Meanwhile, the Wizard Wheright finally manages to get the Wizards’ Council to listen to her accusations – a week or so too late. Olsson is long gone – they’ll just have to try and hunt him down.

And the Glasswater household is slowly crumbling apart under the weight of Lord Glasswater’s sin.

Autumn was a blast to write but not that well suited to NaNoWriMo. The unity of it is more thematic than narrative, so rushing it made for a disjointed experience. But writing it was one of the best experiences of my life, so I can deal.

The third book, when I write it, will be the ‘bring all major characters together’ kind of third act, and see Olsson being forced out of hiding and attempting to use his powers for good. I have, in my head, a kind of ‘book trailer’. There’s colourful flags involved somewhere.

Summer is a much more straightforward project than the Ever-Present Trilogy. I’m hoping it’s also more publishable, being, as it is, a more conventional fantasy trilogy. But I need to do that editing first…

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A Pint of Poetry and a Dash of Drama

This ‘review’ was originally intended to be submitted to The Flaneur, the website where the bulk of my Fringe reviews from this year are going to be posted (eventually), but I decided it was a little too personal, plus, well, barely a review. A Pint of Poetry and a Dash of Drama is a spoken word and performance poetry group based out of Peterborough.

As it happens, I grew up just down the road from Peterborough, and yet I was still surprised by some of the facts I recently learned; that Peterborough is, apparently, the birthplace of Pizza Express, which I’m not sure whether or not to believe since for most of the time I lived there Peterborough did not actually have a Pizza Express; that Warwick Davis runs an acting agency from Peterborough; and that Peterborough has a performance poetry scene.

In retrospect I’m not all that surprised that this passed me by, since I wasn’t exactly a social butterfly in my teens, but the fact remains: Peterborough not only has a spoken word scene but apparently a big enough scene for it to be possible to showcase the highlights of it.

A Pint of Poetry and a Dash of Drama – or A Pint of Poetry and a Dram of Drama, as they prefer to go by in Edinburgh – runs monthly open mic nights and, very occasionally, performs at the Edinburgh Fringe. This year they put on two shows, of which I saw only one, on Monday 13th August.

So what did I make of the poetic highlights of my home city? Well, for those not familiar, I should probably give some context: Peterborough is not the most cultured city. It’s home to some of England’s most spectacular sixties architecture, created by bulldozing much of its historic city centre. It has an extremely dilapidated arts centre. It has two theatres, but I don’t remember either ever putting on anything interesting. My memories of Peterborough mostly consist of chain stores, pound shops, motorways, and an endless, monotonous beigeness. I’ve always thought of it as a somewhat soul-less city. (And before anyone takes offence, I must remind you again that I’m a local.)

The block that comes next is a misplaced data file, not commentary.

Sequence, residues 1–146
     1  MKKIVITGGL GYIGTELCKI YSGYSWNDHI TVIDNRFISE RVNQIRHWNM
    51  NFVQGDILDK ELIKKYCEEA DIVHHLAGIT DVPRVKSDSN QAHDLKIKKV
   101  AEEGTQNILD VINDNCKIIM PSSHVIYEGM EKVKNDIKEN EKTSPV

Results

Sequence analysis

So what are its artistic outpourings like? I’m not sure if ‘better than I expected’ is quite the right way to put it, because I’m honestly not sure exactly what I expected. Patchy quality? Most definitely. Clever wordplay? Not really. Tinkerbell, robots, and fabulous waistcoats? Almost certainly not.

As with any group that grows out of open mic nights, the quality was variable. Many of the poems rested more on wordplay than on ‘deep’ meanings and not all of the poets had the necessary stage presence to make their poetry exciting and interesting to listen to.

But the highlights of Pint of Poetry were actually some of the most memorable poems I’ve seen so far this month – and I’ve been to see two sets of published poets perform their work. I saw some poets I’d happily watch for a full hour-long show. My favourites were Tim Goodings and his poem ‘Massive Beard’ about the most beardy of beards he one day plans to grow; a poet in a fabulous waistcoat whose name I didn’t catch who invited the audience to share his love of Tinkerbell; J.S. Watts, the group’s only published poet, with her surreal and funny poems about the ‘mechanoid female’ scrapyard Sue; and Mark Grist, Peterborough’s poet laureate (another surprise for me) and his ‘love poem’ to Peterborough, warts and all.

I suppose the final question is: do I have a new appreciation for Peterborough and its artistic merits?  If I’m going to be honest, not really. Do I have a new appreciation for A Pint of Poetry and a Dash of Drama? Quite definitely.

As a final note, the point about it being the most memorable poetry I’ve seen so far this month still stands – the other day I went to a poetry reading I shall not name that almost bored me to sleep – and though the Festival of Spirituality and Peace’s five-day poetry event is about to start so my feelings may change, there’s something to be said for the uninhibited, amateur poetry of groups like Pint of Poetry and its total lack of pretension. Because if there’s one thing we all hate it’s pretension.

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Filed under Edinburgh Fringe, Poetry, review